There have been a lot of mixed reviews regarding Bob Dylan’s Nobel Prize Award for Literacy in October of last year; his refusal to accept, or even attend the ceremony in December, has caused just about the same reaction.
His fans are taking it as an act of courage and a representation of his nostalgia; protecting the integrity of his talent, and the work that he does. Ultimately, viewed by many, as his way of steering away from the mass media, simply to boast of his accomplishments.
Others, however, have taken his response negatively, and are left even more unsatisfied at the committee’s choice, to begin with. Many are assuming that his non-attendance was a statement being made that he was ‘too good’ for such an award — or perhaps, he agrees with some of the public, in the fact that he is undeserving of the award. Even the Nobel committee’s chairman referred to Dylan as “impolite and arrogant.”
Regardless of the mixed reviews, Dylan has been named the 2016 recipient for Literacy, specifically for “having created new poetic expressions within the great American song tradition.”
Based on the below quotes – which are just a few of many – it appears that Dylan definitely fits the criteria. He thinks on a deeper level, some understand it, some do not.
Dylan however, isn’t bothered either way and that in itself is one of the many reasons that people simply adore him.
Whether he wanted the award or not, or felt deserving of such an accolade, Dylan will be accepting what is rightfully his within hours. At his request, no media will be involved. You can read more about this in the article below, originally posted by NPR on March 29, 2017.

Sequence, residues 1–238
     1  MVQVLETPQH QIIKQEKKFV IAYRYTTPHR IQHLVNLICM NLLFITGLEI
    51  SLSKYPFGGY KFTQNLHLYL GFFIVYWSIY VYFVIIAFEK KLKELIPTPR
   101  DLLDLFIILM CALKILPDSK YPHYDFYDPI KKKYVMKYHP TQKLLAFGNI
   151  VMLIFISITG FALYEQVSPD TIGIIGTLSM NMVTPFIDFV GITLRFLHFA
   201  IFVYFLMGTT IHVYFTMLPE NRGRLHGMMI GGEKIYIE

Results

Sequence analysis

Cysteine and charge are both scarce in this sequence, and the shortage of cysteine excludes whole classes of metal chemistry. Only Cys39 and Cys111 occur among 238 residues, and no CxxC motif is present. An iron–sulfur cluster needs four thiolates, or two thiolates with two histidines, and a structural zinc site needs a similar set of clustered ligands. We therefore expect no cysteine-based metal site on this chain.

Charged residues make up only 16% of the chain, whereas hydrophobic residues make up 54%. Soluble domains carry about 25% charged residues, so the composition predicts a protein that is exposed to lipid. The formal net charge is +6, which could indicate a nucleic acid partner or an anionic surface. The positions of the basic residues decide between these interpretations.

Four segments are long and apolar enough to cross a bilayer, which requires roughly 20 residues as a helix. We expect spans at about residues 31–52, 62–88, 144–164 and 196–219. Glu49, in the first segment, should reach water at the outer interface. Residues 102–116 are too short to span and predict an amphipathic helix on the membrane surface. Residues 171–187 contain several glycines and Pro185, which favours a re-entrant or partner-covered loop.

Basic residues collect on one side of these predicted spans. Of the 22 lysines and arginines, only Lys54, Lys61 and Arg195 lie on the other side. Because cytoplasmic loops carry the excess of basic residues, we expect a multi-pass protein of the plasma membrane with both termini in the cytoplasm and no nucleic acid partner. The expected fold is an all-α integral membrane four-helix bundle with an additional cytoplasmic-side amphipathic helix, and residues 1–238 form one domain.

The following article was originally posted by:
NPR & Written by Colin Drwyer on March 29.2017
Bob Dylan will be accepting his Nobel Prize in literature this weekend, according to the permanent secretary of the Swedish Academy. In a blog post on Tuesday, Sara Danius announced the “good news” that members of the academy will be meeting with Dylan when he makes a tour stop in Stockholm.
“The Swedish Academy is very much looking forward to the weekend and will show up at one of the performances” Dylan is delivering on Saturday and Sunday, Danius writes. “The Academy will then hand over Dylan’s Nobel diploma and the Nobel medal, and congratulate him on the Nobel Prize in Literature.”
She adds: “The setting will be small and intimate, and no media will be present; only Bob Dylan and members of the Academy will attend, all according to Dylan’s wishes.”
In a previous post, Danius was careful to note that the tour date in Stockholm had been planned well before Dylan won the prize, which he was awarded in October “for having created new poetic expressions within the great American song tradition,” according to the Swedish Academy’s citation.
“He is a great poet in the English-speaking tradition, and he is a wonderful sampler — a very original sampler,” Danius said at the time, explaining the decision to award a musician a prize that for more than a century has principally been doled out to novelists, poets and essayists.
Yet the unusual decision was just the first installment of what came to be an unusual saga — as Dylan first waited more than two weeks to acknowledge the award, then begged off attending the December ceremony where it was to be doled out. Dylan sent a personal letter to the academy saying he could not make it to Stockholm then due to “pre-existing commitments.”
Instead, Patti Smith spelled Dylan for a moving rendition of his classic, “A Hard Rain’s Gonna Fall.”
“Please note that no Nobel Lecture will be held. The Academy has reason to believe that a taped version will be sent at a later point,” Danius says in her post, noting that if he sends a taped lecture, he will not be the first.
Alice Munro, the 2013 laureate, had to send a taped lecture because of health woes, as we reported then.
Dylan did, however, write an acceptance speech for the December ceremony that was delivered by the U.S. ambassador to Sweden, Azita Raji.
“If someone had ever told me that I had the slightest chance of winning the Nobel prize,” Dylan wrote, “I would have to think that I’d have about the same odds as standing on the moon.”